The lingua franca of the web is HTTP, and no programming language can claim to be a web-oriented language if it doesn’t fully support it. Custom APIs and modern protocols are increasingly being built on top of HTTP. Just as it’s rarely a good idea to invent a new XML language, it’s increasingly apparent that HTTP, and more broadly REST, is almost always the most appropriate foundation upon which to build new web APIs.
So how does ActionScript 3 stack up in the area of HTTP support? I’ll (arbitrarily) give a score to AS3′s support for the core elements of a minimal HTTP implementation.
AS3′s HTTPService class supports the basic HTTP methods (GET, POST, PUT, DELETE, HEAD, OPTIONS, and TRACE), but doesn’t allow custom methods. The WebDAV protocol uses a handful of custom HTTP methods (PROPFIND, PROPPATCH, MKCOL, etc.) which HTTPService would be unable to invoke, so it may be a while before we see an AS3-based WebDAV implementation.
Score: 4/5 (Support for custom methods is missing, but few APIs use them anyhow)
HTTPService has a headers property which can hold an arbitrary Array of name-value pairs.
Unfortunately, there’s no way to extract the headers from an HTTP response. (If you’re interested in verifying this, just make an HTTPService call to a bogus page and set a breakpoint in the fault handler. When execution stops there, examine the FaultEvent in Flex Builder’s Variables window — there’s no evidence anywhere that the error is indeed a 404.) I had a conversation with Matt Chotin of the Flex team about this some months ago, and he indicated that not all browsers expose the headers.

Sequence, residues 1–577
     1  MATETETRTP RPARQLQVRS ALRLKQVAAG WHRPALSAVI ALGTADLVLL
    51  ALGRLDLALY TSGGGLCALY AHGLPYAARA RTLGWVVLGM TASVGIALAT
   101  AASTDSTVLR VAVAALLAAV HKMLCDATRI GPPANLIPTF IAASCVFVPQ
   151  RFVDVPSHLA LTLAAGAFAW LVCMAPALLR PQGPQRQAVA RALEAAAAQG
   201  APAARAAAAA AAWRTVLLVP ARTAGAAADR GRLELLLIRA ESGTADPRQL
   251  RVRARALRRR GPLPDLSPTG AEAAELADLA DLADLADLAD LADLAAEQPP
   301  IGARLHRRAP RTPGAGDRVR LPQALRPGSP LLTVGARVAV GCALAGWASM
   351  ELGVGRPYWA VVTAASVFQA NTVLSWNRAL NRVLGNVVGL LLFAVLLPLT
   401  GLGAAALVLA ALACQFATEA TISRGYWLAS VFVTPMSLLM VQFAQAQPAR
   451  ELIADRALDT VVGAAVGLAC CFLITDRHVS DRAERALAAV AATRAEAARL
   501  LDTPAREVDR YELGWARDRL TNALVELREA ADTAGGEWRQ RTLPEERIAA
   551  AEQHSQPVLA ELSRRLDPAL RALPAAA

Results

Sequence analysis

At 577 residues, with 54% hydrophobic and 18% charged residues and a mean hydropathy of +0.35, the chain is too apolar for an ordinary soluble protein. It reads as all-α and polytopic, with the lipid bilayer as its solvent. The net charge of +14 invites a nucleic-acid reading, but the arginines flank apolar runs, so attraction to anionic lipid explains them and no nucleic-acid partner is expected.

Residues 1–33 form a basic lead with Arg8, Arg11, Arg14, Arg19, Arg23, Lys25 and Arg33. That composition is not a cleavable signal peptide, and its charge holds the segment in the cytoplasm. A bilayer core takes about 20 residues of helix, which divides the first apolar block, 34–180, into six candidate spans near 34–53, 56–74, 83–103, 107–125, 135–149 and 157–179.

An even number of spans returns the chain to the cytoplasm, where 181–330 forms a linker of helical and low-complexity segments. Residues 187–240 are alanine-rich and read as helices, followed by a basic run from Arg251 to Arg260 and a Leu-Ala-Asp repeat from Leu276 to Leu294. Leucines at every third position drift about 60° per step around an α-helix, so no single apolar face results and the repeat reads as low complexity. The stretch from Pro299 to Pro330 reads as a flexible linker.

This is a pretty significant limitation, especially since REST principles are motivating the designers of more recent protocols and APIs to leverage the HTTP status code vocabulary to define the semantics of method results, rather than invent new vocabularies in the form of custom responses.
HTTPService supports authentication against a remote endpoint via the setRemoteCredentials method. Alternatively, the user’s credentials can be specified in Flex Data Server’s proxy-service.xml file.
With the glaring exception of support for response headers, AS3′s support for HTTP is full-featured enough to implement just about any REST-style protocol or API. Let’s hope the Flex and Apollo teams can fill this one remaining hole in a future release.